subjective reasons. Some entities in the cyberworld will fail to
produce enough value to support their requirements for
existence – these eventually shrink and disappear, or merge with other
ventures. Others will succeed and grow. The closest present day
parallel is the growth, evolution, fragmentation and consolidation of
corporations, whose options are shaped primarily by their economic
performance.

A human would likely fare poorly in such a cyberspace. Unlike the
streamlined artificial intelligences that zip about, making
discoveries and deals, reconfiguring themselves to efficiently handle
the data that constitutes their interactions, a human mind would
lumber about in a massively inappropriate body simulation, analogous
to someone in a deep diving suit plodding along among a troupe of
acrobatic dolphins. Every interaction with the data world would first
have to be analogized as some recognizable quasi-physical entity:
other programs might be presented as animals, plants or demons, data
items as books or treasure chests, accounting entries as coins or
gold. Maintaining such fictions increases the cost of doing business,
as does operating the mind machinery that reduces the physical
simulations into mental abstractions in the downloaded human mind.
Though a few humans may find a niche exploiting their baroque
construction to produce human-flavored art, more may feel a great
economic incentive to streamline their interface to the
cyberspace.

The streamlining could begin with the elimination of the
body-simulation along with the portions of the downloaded mind
dedicated to interpreting sense-data. These would be and replaced
with simpler integrated programs that produced approximately the same
net effect in one’s consciousness. One would still view the cyber
world in terms of location, color, smell, faces, and so on, but only
those details we actually notice would be represented. We would still
be at a disadvantage compared with the true artificial intelligences,
who interact with the cyberspace in ways optimized for their tasks.
We might then be tempted to replace some of our innermost mental
processes with more cyberspace-appropriate programs purchased from the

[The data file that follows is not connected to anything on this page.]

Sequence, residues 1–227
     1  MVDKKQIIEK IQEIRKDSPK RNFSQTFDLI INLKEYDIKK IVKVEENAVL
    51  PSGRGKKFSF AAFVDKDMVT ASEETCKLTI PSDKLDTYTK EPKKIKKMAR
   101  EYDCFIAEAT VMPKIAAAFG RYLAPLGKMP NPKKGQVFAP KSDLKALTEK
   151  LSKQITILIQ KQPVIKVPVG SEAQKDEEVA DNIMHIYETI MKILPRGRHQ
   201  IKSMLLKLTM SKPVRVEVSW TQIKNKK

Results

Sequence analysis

AIs, and so, bit by bit, transform ourselves into something much like
them. Ultimately our thinking procedures could be totally liberated
from any traces of our original body, indeed of any body. But the
bodiless mind that results, wonderful though it may be in its clarity
of thought and breadth of understanding, could in no sense be
considered any longer human.

So, one way or another, the immensities of cyberspace will be teeming
with very unhuman disembodied superminds, engaged in affairs of the
future that are to human concerns as ours are to those of bacteria.
But, once in a long while, humans do think of bacteria, even
particular individual bacteria seen in particular microscopes.
Similarly, a cyberbeing may occasionally bring to mind a human event
of the distant past. If a sufficiently powerful mind makes a
sufficiently large effort, such recall could occur with great
detail – call it high fidelity. With enough fidelity, the situation of
a remembered person, along with all the minutiae of body, thoughts,
and feelings would be perfectly recreated in a kind of mental
simulation: a cyberspace within a cyberspace where the person would be
as alive there as anywhere. Sometimes the recall might be
historically accurate, in other circumstances it could be artistically
enhanced: it depends on the purposes of the cybermind. An evolving
cyberspace becomes effectively ever more capacious and long lasting,
and so can support ever more minds of ever greater power. If these
minds spend only an infinitesimal fraction of their energy
contemplating the human past, their sheer power should ensure that
eventually our entire history is replayed many times in many places,
and in many variations. The very moment we are now experiencing may
actually be (almost certainly is) such a distributed mental event, and
most likely is a complete fabrication that never happened physically.
Alas, there is no way to sort it out from our perspective: we can only
wallow in the scenery.